Russia’s major wheat-producing region of Rostov, in the south, risks falling as much as 20% short of harvest targets if it fails to receive enough rain in the coming weeks.
The head of operations here for a company cultivating farms that measure in tens of thousands of hectares, explained the long suspense.
Roman Bondarev, with RZ Agro Holding, said: “The weather conditions have been difficult for us since last autumn, seriously lacking moisture. Then starting in April the rains came and boosted the soil humidity. That allowed the wheat to develop and get the momentum you see now.”
Temperatures in May reached as high as 34 degrees Celsius in southern Russia, where crop fields often stretch as far as the eye can see.
Rostov, Krasnodar and Volgograd are three of its most important wheat exporting regions, selling largely to north African countries and the Middle East, shipped out via the Black Sea.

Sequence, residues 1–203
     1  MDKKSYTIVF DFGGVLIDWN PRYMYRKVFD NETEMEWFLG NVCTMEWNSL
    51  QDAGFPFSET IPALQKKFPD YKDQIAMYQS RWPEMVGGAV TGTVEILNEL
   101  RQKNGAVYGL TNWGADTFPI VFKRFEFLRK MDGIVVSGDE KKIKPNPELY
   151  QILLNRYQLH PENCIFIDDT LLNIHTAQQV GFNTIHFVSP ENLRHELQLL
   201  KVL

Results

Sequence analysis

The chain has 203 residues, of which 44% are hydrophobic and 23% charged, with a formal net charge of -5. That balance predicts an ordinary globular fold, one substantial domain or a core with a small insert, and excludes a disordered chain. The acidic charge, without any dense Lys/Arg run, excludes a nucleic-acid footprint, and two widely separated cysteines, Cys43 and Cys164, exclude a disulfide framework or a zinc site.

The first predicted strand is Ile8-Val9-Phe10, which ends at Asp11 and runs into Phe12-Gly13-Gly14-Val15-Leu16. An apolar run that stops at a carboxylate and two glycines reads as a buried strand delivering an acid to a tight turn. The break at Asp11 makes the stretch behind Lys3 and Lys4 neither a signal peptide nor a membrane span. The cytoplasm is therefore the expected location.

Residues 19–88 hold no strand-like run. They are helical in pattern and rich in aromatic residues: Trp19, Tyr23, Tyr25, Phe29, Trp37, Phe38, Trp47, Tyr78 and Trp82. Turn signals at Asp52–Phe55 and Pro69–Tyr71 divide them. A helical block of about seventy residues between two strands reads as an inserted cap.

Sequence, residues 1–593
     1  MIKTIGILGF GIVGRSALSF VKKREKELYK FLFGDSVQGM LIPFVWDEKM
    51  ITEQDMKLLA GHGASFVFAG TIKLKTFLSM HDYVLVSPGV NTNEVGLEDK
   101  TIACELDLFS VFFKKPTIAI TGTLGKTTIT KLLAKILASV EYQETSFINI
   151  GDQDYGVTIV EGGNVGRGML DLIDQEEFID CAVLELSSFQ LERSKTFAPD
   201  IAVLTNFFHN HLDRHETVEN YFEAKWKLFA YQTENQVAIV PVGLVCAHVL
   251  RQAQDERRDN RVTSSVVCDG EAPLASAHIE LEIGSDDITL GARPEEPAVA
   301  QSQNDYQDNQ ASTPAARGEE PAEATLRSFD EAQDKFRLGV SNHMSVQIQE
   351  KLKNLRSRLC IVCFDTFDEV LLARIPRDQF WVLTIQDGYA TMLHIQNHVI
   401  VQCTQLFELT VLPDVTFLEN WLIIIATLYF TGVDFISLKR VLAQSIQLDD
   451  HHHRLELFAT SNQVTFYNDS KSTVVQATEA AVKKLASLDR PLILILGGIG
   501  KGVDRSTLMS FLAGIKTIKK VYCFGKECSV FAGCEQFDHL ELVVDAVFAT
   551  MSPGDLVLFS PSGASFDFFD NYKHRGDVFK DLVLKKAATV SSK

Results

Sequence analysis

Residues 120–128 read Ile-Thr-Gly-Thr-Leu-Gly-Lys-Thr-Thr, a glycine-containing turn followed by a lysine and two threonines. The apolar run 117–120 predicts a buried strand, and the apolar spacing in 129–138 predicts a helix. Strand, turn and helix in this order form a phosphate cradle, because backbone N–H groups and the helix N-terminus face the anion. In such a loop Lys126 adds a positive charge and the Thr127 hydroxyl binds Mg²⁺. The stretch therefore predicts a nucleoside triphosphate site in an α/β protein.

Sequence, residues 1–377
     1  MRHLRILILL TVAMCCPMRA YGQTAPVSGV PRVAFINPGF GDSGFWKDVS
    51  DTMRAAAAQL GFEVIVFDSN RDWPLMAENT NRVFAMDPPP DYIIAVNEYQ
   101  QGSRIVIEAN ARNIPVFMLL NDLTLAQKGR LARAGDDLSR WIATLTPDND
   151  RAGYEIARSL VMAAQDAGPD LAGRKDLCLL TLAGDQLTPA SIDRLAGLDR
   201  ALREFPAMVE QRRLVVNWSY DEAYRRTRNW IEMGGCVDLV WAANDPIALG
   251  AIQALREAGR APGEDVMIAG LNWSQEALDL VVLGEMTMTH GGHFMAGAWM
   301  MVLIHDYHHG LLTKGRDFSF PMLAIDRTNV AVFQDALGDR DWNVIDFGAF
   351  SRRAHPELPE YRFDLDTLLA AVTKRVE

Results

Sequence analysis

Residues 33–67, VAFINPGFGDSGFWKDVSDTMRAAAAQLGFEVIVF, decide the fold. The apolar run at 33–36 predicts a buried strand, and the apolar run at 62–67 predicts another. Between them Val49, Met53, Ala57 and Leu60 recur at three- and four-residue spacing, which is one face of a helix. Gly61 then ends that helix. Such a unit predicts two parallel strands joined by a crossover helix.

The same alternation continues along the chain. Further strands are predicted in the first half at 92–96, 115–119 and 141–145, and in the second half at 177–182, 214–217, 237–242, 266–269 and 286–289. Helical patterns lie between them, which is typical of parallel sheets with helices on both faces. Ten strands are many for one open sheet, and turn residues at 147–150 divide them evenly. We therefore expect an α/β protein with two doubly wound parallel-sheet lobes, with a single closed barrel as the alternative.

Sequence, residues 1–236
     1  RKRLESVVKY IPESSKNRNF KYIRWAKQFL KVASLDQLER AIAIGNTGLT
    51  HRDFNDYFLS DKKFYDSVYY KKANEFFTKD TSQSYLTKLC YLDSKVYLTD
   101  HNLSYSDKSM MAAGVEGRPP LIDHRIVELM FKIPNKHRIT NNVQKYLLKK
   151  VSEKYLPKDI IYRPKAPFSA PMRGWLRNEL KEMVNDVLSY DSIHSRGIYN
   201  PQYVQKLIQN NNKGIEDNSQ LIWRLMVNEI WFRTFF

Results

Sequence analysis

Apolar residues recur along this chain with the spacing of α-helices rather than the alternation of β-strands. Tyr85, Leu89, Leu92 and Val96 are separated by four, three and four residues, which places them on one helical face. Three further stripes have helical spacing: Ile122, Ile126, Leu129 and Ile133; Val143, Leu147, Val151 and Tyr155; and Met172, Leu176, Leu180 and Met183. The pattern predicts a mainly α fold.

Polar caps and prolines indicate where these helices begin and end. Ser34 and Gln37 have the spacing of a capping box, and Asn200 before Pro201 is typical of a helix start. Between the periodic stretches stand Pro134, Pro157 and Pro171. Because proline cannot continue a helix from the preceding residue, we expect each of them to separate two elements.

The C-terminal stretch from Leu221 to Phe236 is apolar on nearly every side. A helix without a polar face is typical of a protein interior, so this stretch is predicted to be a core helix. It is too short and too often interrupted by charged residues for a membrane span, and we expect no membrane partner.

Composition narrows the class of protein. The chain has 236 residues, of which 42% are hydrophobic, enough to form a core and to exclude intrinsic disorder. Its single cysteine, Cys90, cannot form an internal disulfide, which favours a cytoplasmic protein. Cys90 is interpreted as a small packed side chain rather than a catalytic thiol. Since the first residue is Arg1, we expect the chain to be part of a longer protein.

Another problem for grain producers is the collapse of the ruble in relation to the dollar last year. That helps exports by attracting foreign buyers, but it also pushes up equipment and supply costs.
Andrei Shiray says: “Before 2011, we only had Russian-made vehicles, then we started to buy only foreign-produced vehicles. They’re more powerful, and allow us to save on fuel, lubricants and spare parts.”
The UN a few days ago lifted its world cereal production forecast, saying food prices had fallen to their lowest in nearly six years – encouraged by a stand-off by grain buyers in anticipation of strong harvests. But if things don’t get wetter around Rostov, its wheat yields could decline.
Of the world’s top ten wheat producing countries, Russia hovers in fifth place, just behind France, though ahead of Australia and Canada. The biggest, by far, is China, then India and the US.